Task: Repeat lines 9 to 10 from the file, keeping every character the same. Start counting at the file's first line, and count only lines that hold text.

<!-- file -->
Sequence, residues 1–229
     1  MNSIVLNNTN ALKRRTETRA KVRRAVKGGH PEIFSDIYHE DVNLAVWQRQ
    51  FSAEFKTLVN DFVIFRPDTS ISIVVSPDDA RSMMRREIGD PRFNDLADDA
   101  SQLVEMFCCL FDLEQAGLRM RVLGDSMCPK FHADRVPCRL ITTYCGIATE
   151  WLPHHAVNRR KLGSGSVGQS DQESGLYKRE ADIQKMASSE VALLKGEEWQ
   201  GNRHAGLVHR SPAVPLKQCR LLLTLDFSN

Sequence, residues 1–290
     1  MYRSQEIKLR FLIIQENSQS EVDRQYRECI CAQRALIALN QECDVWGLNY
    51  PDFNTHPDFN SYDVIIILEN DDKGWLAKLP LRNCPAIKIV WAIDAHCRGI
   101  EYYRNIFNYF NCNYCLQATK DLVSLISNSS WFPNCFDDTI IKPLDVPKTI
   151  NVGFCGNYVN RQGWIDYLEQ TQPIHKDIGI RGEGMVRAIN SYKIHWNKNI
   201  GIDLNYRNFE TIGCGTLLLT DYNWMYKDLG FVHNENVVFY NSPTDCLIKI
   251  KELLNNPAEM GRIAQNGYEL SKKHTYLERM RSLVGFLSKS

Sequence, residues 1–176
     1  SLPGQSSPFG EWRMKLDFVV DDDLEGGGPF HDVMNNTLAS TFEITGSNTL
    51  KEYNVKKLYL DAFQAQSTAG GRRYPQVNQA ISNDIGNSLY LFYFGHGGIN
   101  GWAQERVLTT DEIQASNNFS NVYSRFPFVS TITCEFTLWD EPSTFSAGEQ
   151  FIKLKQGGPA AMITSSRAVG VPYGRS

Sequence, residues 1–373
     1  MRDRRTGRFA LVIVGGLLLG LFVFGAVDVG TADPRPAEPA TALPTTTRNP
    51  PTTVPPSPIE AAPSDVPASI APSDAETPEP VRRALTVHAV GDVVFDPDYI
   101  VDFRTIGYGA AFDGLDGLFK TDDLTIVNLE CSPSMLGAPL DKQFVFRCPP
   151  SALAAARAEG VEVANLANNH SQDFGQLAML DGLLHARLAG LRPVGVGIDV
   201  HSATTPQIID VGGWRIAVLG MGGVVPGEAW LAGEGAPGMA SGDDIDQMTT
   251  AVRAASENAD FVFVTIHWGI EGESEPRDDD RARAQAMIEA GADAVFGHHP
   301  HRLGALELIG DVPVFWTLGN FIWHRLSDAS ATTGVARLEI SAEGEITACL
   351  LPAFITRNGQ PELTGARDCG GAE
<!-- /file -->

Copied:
    51  PDFNTHPDFN SYDVIIILEN DDKGWLAKLP LRNCPAIKIV WAIDAHCRGI
   101  EYYRNIFNYF NCNYCLQATK DLVSLISNSS WFPNCFDDTI IKPLDVPKTI